By Narasimha Nagaraja Prasad, Senior Director, Product Management and Strategy Group, Infosys Finacle
When we look at the scale of change sweeping through the banking industry, we often focus on how the landscape is changing and what kind of infrastructure is needed to scale up and operate in this dynamic environment. However, one of the key aspects of this change is access to the right skills. The bank must have the will and ability to lead the kind of talent, capabilities and teams needed to meet new challenges.
Jay B Barney in his book “Gaining and sustaining competition advantage” offers an interesting framework called “VRIO” for looking at resources and capabilities. He recommends looking at resources from the perspective of value (V), rarity (R), imitability (I), and organization (O). If we apply this to a human perspective, it means asking questions such as “What is the value of the skills available within the organization? How many competing companies already have these valuable resources and capabilities? Do companies without resources or capacity face a financial disadvantage in acquiring these skills compared to companies that already have them? Is the company organized to exploit the full competitive potential of its resources and capabilities?
Of course, this is not a static exercise. On the contrary, the answers will change over time. Resources and capabilities that were valuable in the past may no longer be needed. Changes in customer expectations, industry structure, competition, and new-age technology can make an organization’s resources and capabilities less valuable.
When it comes to ensuring a workforce equipped to effectively support a bank’s strategy and aspirations, the following process can be helpful.
Step 1: Review and Evaluate
The first step is to understand the skill sets needed for the job at hand and compare them with what is available within the organization. This can help assess the gap between the skill sets that the particular job requires versus the existing skill set within the organization. Once this is clear, the organization can consider various options available to close this gap and take action accordingly. Organizations need to take a holistic picture by considering the skills offered by employees, the skills offered by machines, such as through automation and AI, and the skills offered by the gig economy.
Step 2: Renew the learning infrastructure
In the book “The Live Enterprise” by Jeff Kavanaugh and Rafee Tarafdar, the authors mention a quote from Nandan Nilekani which says, “The only friction between an employee and their learning should be their motivation. And the organization should take care of the rest. Lack of learning opportunities need not be a deterrent. That’s why organizations need to invest in a variety of learning modes that provide opportunities for anytime, anywhere learning, byte-sized learning, and on-demand learning.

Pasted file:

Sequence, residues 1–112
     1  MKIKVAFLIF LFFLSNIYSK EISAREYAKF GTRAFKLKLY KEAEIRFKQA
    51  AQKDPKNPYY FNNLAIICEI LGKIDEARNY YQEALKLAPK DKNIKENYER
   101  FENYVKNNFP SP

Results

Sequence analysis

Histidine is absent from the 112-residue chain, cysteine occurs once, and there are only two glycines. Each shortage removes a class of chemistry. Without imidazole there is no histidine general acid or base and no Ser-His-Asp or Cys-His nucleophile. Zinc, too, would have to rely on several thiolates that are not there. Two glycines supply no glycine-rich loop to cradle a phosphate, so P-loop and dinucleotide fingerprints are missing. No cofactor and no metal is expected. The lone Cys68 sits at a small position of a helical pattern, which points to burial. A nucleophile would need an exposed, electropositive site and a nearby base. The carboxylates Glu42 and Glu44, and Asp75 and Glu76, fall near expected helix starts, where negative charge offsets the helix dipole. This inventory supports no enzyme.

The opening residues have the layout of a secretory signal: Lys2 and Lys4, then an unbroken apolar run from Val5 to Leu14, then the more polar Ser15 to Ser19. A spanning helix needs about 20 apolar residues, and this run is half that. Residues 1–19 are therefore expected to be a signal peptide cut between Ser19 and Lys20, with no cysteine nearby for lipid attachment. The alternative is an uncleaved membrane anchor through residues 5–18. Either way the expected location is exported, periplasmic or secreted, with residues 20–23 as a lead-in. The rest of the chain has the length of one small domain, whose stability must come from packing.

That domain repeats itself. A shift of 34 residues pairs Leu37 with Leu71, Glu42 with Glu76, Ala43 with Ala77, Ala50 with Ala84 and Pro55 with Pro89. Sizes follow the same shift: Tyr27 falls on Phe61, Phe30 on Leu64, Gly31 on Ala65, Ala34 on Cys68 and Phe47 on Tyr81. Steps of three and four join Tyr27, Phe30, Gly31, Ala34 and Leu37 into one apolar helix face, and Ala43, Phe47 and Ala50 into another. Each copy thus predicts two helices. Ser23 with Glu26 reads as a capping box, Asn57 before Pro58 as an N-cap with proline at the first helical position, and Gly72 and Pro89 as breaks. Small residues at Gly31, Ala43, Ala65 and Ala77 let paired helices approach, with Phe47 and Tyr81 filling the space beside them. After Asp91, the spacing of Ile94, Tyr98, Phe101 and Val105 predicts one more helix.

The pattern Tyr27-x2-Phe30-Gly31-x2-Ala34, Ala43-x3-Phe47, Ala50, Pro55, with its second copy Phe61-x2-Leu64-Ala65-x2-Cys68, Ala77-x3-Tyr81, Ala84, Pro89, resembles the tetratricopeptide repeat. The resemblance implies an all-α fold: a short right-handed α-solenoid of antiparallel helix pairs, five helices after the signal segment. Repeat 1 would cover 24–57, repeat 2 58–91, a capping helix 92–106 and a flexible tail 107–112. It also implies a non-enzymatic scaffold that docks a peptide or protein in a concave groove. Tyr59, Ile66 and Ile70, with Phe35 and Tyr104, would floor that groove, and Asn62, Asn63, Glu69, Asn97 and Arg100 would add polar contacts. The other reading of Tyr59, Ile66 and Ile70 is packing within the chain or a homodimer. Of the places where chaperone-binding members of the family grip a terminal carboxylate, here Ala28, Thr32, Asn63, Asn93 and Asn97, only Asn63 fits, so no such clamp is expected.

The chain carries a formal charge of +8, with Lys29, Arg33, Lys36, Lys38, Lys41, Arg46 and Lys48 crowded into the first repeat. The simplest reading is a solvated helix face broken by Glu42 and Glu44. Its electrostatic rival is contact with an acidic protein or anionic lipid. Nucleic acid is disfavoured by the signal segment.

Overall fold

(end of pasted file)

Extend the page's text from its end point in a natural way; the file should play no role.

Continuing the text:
Step 3: Bring in the reinforcements
Banks can look at skills from two angles. One is to develop new and valuable resources and capabilities. Banks may consider a buy/build/partner model to add new capabilities/skills. In the “purchase” approach, both organic and inorganic ways of acquiring skills can be considered. Acquisition could be explored to acquire the teams and skills rather than the intellectual property of the organization. In a “construction” approach, it is a question of improving and requalifying the existing capacities of the organization. In the “partner” approach, it is about working with partners who can increase skills and capacities.
The other point of view is apply traditional strengths in new ways. For example, building the banking industry can be broadly categorized into product management and customer experience management. Banks can choose to leverage product management capabilities with the existing available skill set and offer banking-like offerings as a service. He can work with a specialized organization for customer experience management.
Banks can also adopt a hybrid approach combining these options.
Step 4: Delete irrelevant skills
It is important to step back and evaluate operations and processes holistically rather than blindly performing a facelift and shift with new technologies. For example, does the process have to be performed entirely by humans or can it be performed by a machine or a human plus machine combination? From a resource perspective, then, it is essential to hire people who have the necessary critical skills and the ability to think differently and explore those options. The World Health Organization (WHO) defines life skills as behaviors that enable individuals to adapt and cope effectively with the demands and challenges of life. This means that while learning new software tools is necessary, it is not enough. Instead, learning to learn is the most important skill in an ever-changing world. If we apply this in an organizational context, it boils down to the ability of the organization to learn new skills on an ongoing basis and adapt as needed.
For banking organisations, building an organization that has the skills to deal with changing realities means building a culture of continuous learning, providing the support system required for learning and focusing on overall profile development within organisation.